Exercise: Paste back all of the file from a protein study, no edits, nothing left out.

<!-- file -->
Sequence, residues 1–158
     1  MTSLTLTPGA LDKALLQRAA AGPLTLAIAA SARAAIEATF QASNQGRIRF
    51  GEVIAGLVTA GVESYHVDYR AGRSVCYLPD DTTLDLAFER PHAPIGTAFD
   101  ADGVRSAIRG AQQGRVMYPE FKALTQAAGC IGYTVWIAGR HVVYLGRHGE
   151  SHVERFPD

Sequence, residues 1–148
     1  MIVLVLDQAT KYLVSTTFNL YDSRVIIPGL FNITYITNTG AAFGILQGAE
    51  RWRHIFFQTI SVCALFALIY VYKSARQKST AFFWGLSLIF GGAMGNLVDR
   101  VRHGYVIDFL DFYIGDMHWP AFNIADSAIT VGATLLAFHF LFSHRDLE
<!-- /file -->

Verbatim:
Sequence, residues 1–158
     1  MTSLTLTPGA LDKALLQRAA AGPLTLAIAA SARAAIEATF QASNQGRIRF
    51  GEVIAGLVTA GVESYHVDYR AGRSVCYLPD DTTLDLAFER PHAPIGTAFD
   101  ADGVRSAIRG AQQGRVMYPE FKALTQAAGC IGYTVWIAGR HVVYLGRHGE
   151  SHVERFPD

Sequence, residues 1–148
     1  MIVLVLDQAT KYLVSTTFNL YDSRVIIPGL FNITYITNTG AAFGILQGAE
    51  RWRHIFFQTI SVCALFALIY VYKSARQKST AFFWGLSLIF GGAMGNLVDR
   101  VRHGYVIDFL DFYIGDMHWP AFNIADSAIT VGATLLAFHF LFSHRDLE